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ALS project

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Nicholas Irons

on 29 April 2010

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Transcript of ALS project

Amyotrophic Lateral Sclerosis (ALS) By Nicholas Irons a.k.a. Lou Gehrig's Disease
for the famous baseball player that
had it, or Charcot's Disease after the man who discovered it. Not much is known about ALS, so no one is particularly sure what type of disorder it is, but it is most likely both chromosomal and from genes. Neurologists suspect it lies on chromosome 21. It is also suspected to relate to the gene superoxide dismutase (SOD1) which detoxifies harmful free radicals. ALS is dominant in the gene. About 1 in 1,000,000 people end up having familial ALS (FALS) Symptoms:
Difficulty Breathing and Swallowing
Muscle Weakness
Loss of Coordination
Abnormal Weight Loss
Inability to Speak
Loss of Motor Functions Diagnostic Test:
The one type of test made specifically to diagnose FALS
is ineffective because it tests for changes in the SOD1 gene, but 80%
of people with FALS don't have mutations in that gene. Therefore, there are no effective diagnostic tests for FALS. The survival rate for FALS is 0%. The average ALS patient is
expected to live between 3 and 5 years with the disease. In some rare cases, though, the progression of the disease can slow and the patient can live an extra 10 years. Currently, there is no cure for ALS and the only treatment, Riluzole,
only slows down the disease, and does not cure it or stop it's progression. A Cambridge ALS Institute team has teamed up with a New Jersey
biotech company to test small-molecule compounds that may be used to slow
or stop the progression of ALS. Because the causes of ALS are still very
mysterious and even though they believe FALS is contributed to the SOD1 gene, but only 20% of people that have FALS have it. The genetic counselor would probably tell them that, because the gene for FALS is believed to be dominant and there is a higher likelihood of getting it, they should not have children because there is too high of a risk of that child having FALS later. A Great Story:
Lou Gehrig was born on June 19, 1903 to a poor immigrant family in New York. His mother encouraged him to go to school and become something better, and he did. Lou excelled at sports, mainly football and baseball. When the New York Yankees saw what he had been accomplishing in college, they had to have him. Gehrig became a Yankee in 1925 and he would amass one of the greatest records in all of baseball…Thirteen years into his career, Gehrig became tired and started losing the energy for the game that he usually had. He quickly noticed something was wrong so he went to a doctor and was diagnosed with ALS. He lost the ability to de the thing he loved most, but even after he was diagnosed he still considered himself “…the luckiest man on the face of the Earth.” Lou died after two years with the disease, but his memory lives on. He is an American legend and his amazing character is the reason why the disease is named after him. References:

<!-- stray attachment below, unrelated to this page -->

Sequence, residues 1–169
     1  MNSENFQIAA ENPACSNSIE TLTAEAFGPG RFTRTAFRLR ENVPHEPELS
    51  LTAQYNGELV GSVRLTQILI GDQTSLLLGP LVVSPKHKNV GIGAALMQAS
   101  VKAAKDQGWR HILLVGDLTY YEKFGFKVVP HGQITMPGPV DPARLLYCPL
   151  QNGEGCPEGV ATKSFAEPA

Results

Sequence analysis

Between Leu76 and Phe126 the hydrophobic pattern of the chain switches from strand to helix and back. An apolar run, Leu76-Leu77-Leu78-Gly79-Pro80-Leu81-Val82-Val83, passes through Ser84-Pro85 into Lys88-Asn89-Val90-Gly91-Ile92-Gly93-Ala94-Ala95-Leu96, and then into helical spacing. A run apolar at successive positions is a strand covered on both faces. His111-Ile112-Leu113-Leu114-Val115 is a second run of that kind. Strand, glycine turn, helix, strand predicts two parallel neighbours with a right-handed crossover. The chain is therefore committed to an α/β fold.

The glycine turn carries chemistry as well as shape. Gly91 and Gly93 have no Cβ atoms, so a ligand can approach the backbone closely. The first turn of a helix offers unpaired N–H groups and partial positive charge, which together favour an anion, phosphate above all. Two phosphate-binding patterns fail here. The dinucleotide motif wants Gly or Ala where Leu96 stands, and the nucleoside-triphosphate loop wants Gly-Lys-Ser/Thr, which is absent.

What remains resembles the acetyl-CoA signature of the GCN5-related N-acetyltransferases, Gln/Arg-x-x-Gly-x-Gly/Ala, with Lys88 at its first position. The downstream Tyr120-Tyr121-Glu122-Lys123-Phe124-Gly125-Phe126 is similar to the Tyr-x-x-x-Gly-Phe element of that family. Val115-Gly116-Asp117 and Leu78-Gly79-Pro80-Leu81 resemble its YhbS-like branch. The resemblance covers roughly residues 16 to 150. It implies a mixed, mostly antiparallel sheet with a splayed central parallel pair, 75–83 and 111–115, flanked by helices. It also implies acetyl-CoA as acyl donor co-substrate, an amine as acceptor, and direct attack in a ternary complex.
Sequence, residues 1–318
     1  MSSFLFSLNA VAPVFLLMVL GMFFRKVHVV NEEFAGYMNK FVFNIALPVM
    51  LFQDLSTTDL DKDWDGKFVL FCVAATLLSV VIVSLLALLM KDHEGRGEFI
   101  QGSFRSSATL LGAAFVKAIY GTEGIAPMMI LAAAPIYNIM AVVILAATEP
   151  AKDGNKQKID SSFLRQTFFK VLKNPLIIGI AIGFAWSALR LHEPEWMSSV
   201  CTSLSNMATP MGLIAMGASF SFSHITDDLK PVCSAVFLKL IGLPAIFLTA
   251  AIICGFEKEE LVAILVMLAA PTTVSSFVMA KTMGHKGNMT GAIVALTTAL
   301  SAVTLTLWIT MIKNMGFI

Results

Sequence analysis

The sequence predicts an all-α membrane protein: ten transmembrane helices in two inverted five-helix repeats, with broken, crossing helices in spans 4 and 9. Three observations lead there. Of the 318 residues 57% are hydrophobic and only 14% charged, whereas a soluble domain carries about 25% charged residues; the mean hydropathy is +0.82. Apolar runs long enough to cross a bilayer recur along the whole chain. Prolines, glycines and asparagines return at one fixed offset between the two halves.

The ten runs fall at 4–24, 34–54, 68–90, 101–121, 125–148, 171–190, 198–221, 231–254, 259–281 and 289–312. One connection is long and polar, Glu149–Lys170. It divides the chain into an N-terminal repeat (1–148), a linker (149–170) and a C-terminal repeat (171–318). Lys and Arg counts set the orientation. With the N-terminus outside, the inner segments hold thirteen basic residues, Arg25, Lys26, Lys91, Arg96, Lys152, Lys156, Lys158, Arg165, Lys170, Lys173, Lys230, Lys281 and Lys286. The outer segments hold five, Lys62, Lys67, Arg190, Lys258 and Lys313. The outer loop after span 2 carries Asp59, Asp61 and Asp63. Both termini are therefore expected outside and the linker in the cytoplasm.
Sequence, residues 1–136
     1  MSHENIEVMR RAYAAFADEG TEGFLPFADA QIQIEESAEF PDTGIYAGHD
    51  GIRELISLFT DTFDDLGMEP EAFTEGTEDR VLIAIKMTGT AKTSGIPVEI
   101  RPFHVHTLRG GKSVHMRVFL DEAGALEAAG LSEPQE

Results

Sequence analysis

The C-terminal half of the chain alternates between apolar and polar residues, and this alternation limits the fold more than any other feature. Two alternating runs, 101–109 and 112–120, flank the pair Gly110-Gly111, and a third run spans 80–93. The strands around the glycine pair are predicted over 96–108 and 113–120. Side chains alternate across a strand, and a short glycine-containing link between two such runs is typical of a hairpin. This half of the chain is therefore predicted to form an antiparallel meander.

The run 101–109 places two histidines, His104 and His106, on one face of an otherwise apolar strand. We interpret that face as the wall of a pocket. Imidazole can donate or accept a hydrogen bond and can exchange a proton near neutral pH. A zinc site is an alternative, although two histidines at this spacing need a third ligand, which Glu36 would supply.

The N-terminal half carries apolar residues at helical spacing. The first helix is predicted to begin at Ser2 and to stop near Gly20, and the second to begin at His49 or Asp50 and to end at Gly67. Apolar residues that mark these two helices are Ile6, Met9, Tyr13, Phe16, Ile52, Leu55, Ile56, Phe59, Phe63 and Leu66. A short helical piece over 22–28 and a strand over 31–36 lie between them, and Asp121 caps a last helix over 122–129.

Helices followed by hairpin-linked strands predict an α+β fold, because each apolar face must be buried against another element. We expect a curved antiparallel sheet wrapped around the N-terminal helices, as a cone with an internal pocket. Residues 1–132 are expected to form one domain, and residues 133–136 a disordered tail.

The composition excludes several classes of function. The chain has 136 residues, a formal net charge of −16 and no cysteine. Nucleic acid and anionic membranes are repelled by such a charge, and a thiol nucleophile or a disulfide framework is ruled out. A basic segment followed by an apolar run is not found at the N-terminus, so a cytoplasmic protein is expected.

ALS Statistics. ALS Society of Canada, Jan. 2001. Web. 25 Apr. 2010.

ALS Therapy Institute pairs with N.J. biotech. N.p., 17 Mar. 2010. Web. 26 Apr. 2010.

Amyotrophic Lateral Sclerosis. Google, n.d. Web. 25 Apr. 2010.

A Science Odyssey: People and Discoveries: Jean-Martin Charcot. PBS, n.d. Web. 25
Apr. 2010. <http://www.pbs.org/wgbh/aso/databank/entries/bhchar.html>.

Gaudette, Mara. Genetic Testing for ALS. ALS Association, Apr. 2008. Web. 25 Apr.
2010. <http://www.alsa.org/als/genetics.cfm>.

Initial Symptoms of the Disease. ALS Association, n.d. Web. 25 Apr. 2010.

Lou Gehrig: Biography. The Rip Van Winkle Foundation, n.d. Web. 25 Apr. 2010.

NINDS Hails Advance in ALS Research. National Institute of Neurological Disorders
and Stroke, 15 May 1991. Web. 25 Apr. 2010.

Statistcs About Amyotrophic Lateral Sclerosis. N.p., n.d. Web. 25 Apr. 2010.

What is ALS?. Les Turner ALS Foundation, n.d. Web. 25 Apr. 2010.
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